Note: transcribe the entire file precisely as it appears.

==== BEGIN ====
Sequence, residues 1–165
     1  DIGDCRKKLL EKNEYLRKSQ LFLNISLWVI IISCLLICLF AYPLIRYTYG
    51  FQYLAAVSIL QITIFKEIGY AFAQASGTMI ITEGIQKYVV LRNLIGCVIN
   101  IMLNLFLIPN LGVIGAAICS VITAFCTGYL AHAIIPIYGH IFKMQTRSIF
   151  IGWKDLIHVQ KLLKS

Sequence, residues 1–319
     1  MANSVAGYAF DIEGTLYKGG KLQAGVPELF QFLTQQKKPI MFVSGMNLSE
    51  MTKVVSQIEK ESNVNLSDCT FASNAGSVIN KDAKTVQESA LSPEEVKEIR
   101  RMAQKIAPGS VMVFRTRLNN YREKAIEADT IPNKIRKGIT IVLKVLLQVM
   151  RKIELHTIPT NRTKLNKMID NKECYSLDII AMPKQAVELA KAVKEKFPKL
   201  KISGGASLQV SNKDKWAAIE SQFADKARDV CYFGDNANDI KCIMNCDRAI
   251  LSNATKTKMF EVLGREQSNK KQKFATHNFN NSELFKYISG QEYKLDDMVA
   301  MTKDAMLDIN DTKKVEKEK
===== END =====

Sequence, residues 1–165
     1  DIGDCRKKLL EKNEYLRKSQ LFLNISLWVI IISCLLICLF AYPLIRYTYG
    51  FQYLAAVSIL QITIFKEIGY AFAQASGTMI ITEGIQKYVV LRNLIGCVIN
   101  IMLNLFLIPN LGVIGAAICS VITAFCTGYL AHAIIPIYGH IFKMQTRSIF
   151  IGWKDLIHVQ KLLKS

Sequence, residues 1–319
     1  MANSVAGYAF DIEGTLYKGG KLQAGVPELF QFLTQQKKPI MFVSGMNLSE
    51  MTKVVSQIEK ESNVNLSDCT FASNAGSVIN KDAKTVQESA LSPEEVKEIR
   101  RMAQKIAPGS VMVFRTRLNN YREKAIEADT IPNKIRKGIT IVLKVLLQVM
   151  RKIELHTIPT NRTKLNKMID NKECYSLDII AMPKQAVELA KAVKEKFPKL
   201  KISGGASLQV SNKDKWAAIE SQFADKARDV CYFGDNANDI KCIMNCDRAI
   251  LSNATKTKMF EVLGREQSNK KQKFATHNFN NSELFKYISG QEYKLDDMVA
   301  MTKDAMLDIN DTKKVEKEK